Myeloid-derived suppressor cells (MDSC) are one of the major factors responsible for immune suppression in cancer. Therefore it would be important to identify effective therapeutic means to modulate these cells.
We evaluated the effect of the synthetic triterpenoid C-28 methyl ester of 2-cyano-3,12-dioxooleana-1,9,-dien-28-oic acid (CDDO-Me; bardoxolone methyl) in MC38 colon carcinoma, Lewis lung carcinoma, and EL-4 thymoma mouse tumor models as well as blood samples from patients with renal cell cancer and soft tissue sarcoma. Samples were also analyzed from patients with pancreatic cancer treated with CDDO-Me in combination with gemcitabine.
CDDO-Me at concentrations of 25-100 nM completely abrogated immune suppressive activity of MDSC in vitro. CDDO-Me reduced reactive oxygen species in MDSC but did not affect their viability or the levels of nitric oxide and arginase. Treatment of tumor-bearing mice with CDDO-Me did not affect the proportion of MDSC in the spleens but eliminated their suppressive activity. This effect was independent of antitumor activity. CDDO-Me treatment decreased tumor growth in mice. Experiments with immune-deficient SCID-beige mice indicated that this effect was largely mediated by the immune system. CDDO-Me substantially enhanced the antitumor effect of a cancer vaccines. Treatment of pancreatic cancer patients with CDDO-Me did not affect the number of MDSC in peripheral blood but significantly improved the immune response.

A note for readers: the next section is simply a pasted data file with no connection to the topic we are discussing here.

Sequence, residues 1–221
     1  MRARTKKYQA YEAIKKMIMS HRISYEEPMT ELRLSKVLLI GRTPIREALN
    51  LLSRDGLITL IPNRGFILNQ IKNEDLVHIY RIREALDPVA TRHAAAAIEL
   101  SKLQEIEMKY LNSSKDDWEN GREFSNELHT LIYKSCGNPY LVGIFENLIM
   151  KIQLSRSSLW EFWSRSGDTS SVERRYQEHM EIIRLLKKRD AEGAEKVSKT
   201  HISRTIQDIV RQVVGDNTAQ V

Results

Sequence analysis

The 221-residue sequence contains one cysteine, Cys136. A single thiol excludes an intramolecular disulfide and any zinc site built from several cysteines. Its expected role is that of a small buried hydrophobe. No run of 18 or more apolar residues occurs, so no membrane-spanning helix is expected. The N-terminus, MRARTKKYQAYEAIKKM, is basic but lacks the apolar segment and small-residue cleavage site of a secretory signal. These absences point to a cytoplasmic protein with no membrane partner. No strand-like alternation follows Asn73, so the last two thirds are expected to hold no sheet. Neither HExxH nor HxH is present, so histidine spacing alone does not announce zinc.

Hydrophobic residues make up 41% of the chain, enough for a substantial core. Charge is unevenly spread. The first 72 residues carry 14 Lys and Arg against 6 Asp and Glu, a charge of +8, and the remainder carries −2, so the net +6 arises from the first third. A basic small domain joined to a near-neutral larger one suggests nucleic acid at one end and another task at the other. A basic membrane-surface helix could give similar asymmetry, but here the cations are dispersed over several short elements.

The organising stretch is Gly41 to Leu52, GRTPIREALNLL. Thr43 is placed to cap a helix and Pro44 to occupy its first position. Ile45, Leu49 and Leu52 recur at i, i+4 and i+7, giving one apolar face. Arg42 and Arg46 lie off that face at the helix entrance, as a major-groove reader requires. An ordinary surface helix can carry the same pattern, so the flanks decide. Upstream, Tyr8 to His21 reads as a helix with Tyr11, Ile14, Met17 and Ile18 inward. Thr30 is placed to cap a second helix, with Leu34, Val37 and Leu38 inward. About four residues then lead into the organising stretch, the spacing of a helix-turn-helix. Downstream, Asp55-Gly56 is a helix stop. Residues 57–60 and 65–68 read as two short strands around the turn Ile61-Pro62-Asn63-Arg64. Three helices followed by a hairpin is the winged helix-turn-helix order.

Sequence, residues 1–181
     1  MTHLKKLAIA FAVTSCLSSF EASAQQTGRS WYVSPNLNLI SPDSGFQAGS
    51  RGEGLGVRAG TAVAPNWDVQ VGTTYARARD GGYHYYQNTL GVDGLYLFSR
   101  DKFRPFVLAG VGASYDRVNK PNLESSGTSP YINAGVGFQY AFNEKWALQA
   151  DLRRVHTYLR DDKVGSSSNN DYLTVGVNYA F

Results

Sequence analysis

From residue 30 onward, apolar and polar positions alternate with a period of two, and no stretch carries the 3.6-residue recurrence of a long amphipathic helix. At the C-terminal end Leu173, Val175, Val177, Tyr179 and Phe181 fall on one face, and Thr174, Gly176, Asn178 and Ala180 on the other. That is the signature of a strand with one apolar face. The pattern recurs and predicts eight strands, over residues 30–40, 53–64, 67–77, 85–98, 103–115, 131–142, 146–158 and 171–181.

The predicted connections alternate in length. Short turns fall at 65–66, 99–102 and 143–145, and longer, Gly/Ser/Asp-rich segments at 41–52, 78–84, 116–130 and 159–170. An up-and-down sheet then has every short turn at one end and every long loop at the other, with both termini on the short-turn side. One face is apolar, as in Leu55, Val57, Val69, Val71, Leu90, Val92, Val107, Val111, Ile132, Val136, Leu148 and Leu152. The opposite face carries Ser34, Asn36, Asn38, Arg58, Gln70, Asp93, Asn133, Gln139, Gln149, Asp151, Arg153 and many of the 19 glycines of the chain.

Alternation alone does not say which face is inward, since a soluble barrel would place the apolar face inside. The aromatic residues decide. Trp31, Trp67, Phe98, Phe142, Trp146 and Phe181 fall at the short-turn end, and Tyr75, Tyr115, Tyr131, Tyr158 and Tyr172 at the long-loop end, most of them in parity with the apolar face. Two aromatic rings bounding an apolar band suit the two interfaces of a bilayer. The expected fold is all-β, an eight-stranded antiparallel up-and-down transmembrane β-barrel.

CDDO-Me abrogated the immune suppressive effect of MDSC and improved immune responses in tumor-bearing mice and cancer patients. It may represent an attractive therapeutic option by enhancing the effect of cancer immunotherapy.
Tumor immunology; myeloid-derived suppressor cells; triterpenoid
Fifteen new betulinic acid analogues were designed, synthesized, and tested for anti-inflammatory activity. Many of these analogues effectively suppress nitric oxide (NO) production in RAW cells stimulated with interferon-γ. Analogue 10 is highly and orally active in vivo for induction of the anti-inflammatory and cytoprotective enzyme, heme oxygenase-1.
triterpene; betulinic acid; inhibitors of nitric oxide production; RAW 264.7 cells; inducer of heme oxygenase-1